In an ironic twist to the ongoing persecution of state climatologists who doubt global warming alarmism, the U.S. House Oversight and Government Reform Committee on January 30 held hearings at which the Democratic leadership and environmental activists assailed the Bush administration for purported interference with and attempted suppression of scientists whose views were not considered in line with the administration’s climate change policy.
Testimony from two activist organizations that have been regular critics of the Bush administration–the Union of Concerned Scientists (UCS) and the Government Accountability Project (GAP)–was prominently featured in the hearings.
The UCS presented findings from a survey of more than 1,600 government scientists at seven federal agencies. Seventeen percent–279 government scientists–responded to the survey.
Of those who responded, roughly 40 percent indicated they felt pressured to eliminate references to global warming from their work or had had their work edited in ways that changed its meaning.
Committee chairman Henry A. Waxman (D-California) argued at the hearing that the evidence indicated the Bush administration had attempted to “mislead the public by injecting doubt into the science of global warming.” Waxman called the alleged actions an “orchestrated campaign to mislead the public about climate change.”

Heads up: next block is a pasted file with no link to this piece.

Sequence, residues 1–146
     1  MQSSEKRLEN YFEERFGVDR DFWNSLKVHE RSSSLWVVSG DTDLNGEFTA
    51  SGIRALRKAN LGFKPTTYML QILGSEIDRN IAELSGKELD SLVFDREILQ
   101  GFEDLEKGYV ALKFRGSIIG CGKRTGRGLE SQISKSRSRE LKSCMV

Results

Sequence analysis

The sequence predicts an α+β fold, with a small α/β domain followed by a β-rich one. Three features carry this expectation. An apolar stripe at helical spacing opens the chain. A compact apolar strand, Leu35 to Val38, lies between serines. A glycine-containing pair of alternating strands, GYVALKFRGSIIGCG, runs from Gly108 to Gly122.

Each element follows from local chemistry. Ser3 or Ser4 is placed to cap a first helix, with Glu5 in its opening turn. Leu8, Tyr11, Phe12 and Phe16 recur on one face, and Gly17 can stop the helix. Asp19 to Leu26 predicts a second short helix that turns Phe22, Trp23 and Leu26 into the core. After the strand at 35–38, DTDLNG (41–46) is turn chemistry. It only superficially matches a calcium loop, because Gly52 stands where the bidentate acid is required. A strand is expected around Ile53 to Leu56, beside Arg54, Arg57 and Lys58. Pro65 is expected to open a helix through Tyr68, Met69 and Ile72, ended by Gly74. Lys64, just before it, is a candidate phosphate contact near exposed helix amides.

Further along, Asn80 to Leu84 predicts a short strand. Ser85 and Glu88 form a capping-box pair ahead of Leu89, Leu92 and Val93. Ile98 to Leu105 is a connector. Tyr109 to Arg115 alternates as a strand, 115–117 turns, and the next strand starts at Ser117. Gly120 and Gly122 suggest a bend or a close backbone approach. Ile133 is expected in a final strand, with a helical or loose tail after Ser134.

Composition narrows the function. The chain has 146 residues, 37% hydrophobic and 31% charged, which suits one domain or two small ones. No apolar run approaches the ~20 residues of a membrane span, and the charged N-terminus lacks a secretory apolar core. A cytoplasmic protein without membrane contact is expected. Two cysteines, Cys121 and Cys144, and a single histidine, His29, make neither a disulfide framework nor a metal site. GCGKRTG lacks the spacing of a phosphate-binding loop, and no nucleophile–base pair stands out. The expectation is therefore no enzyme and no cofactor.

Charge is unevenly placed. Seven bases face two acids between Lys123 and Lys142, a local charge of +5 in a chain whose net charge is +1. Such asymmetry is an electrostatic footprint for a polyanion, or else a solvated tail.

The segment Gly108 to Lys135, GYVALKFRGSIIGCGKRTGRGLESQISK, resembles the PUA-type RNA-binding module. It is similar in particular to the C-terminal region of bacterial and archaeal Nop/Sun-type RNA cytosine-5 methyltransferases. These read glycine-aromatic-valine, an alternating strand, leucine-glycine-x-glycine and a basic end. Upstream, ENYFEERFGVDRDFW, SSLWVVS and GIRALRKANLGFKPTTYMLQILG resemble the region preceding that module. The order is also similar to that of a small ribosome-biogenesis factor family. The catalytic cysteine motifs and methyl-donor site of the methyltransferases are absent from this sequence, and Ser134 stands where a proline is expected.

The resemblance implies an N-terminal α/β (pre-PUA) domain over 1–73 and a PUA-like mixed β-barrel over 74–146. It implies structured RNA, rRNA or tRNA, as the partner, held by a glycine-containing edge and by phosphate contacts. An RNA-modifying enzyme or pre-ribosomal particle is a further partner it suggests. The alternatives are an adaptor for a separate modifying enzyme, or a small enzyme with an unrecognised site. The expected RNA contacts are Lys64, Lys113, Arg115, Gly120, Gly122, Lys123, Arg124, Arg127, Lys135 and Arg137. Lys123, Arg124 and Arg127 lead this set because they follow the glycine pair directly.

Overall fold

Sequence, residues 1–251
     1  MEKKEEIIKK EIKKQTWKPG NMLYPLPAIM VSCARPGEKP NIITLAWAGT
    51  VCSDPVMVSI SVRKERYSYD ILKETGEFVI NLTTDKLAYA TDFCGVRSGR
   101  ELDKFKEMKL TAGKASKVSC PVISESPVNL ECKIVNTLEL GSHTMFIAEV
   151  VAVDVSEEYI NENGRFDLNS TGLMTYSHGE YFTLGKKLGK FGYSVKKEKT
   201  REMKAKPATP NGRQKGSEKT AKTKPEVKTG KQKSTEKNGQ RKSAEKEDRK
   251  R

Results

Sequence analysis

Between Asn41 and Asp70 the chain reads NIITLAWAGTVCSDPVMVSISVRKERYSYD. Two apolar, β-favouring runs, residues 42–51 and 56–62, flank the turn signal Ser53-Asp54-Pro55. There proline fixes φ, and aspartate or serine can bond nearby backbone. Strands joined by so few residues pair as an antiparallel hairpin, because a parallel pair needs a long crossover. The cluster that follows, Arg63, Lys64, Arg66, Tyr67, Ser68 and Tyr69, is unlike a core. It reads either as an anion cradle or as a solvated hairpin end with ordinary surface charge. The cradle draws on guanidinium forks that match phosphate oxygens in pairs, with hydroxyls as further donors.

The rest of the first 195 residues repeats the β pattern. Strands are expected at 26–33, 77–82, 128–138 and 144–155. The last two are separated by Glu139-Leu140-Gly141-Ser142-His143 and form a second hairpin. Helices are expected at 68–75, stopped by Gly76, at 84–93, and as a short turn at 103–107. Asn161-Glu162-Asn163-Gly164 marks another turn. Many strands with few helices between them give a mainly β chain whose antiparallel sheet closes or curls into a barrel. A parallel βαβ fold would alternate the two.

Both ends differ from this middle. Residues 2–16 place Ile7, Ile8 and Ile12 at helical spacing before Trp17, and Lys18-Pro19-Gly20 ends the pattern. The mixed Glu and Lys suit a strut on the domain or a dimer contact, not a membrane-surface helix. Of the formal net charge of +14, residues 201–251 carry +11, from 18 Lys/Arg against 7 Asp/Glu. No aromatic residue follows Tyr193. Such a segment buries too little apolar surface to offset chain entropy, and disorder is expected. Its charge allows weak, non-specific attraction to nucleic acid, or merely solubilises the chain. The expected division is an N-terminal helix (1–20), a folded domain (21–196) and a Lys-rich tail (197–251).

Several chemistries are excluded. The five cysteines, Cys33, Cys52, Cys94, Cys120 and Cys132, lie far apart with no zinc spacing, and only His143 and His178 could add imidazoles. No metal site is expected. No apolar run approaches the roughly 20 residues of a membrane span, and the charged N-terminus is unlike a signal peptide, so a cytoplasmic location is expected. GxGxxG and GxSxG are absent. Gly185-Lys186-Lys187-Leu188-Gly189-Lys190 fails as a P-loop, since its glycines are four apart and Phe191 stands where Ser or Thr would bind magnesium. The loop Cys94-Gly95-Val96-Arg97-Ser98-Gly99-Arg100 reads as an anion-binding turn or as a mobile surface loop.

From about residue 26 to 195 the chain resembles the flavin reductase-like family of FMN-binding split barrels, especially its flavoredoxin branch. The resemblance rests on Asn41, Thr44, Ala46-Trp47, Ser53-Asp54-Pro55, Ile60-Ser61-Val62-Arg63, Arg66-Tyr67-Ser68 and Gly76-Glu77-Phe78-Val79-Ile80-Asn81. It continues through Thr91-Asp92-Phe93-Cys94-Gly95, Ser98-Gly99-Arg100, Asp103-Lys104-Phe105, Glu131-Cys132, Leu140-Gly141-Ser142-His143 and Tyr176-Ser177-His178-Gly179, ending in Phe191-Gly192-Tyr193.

With no Bush administration officials invited to participate, no one at the hearing raised the point that those scientists who responded to the survey were a self-selecting group. The one independent scientist who was allowed to testify argued that scientists are more likely to join or cooperate with groups that agree with their point of view, so the survey results released by the UCS should come as no surprise.
The Associated Press, along with most major newspapers, including USA Today, the New York Times, Washington Post, Chicago Tribune, and Los Angeles Times, covered the hearings, publishing numerous editorials condemning the administration’s alleged attempts at censoring or suppressing climate research.
Very few newspapers have covered the explicit attempts at censorship of state climatologists and attempts by global warming alarmists to remove them from their offices.
— H. Sterling Burnett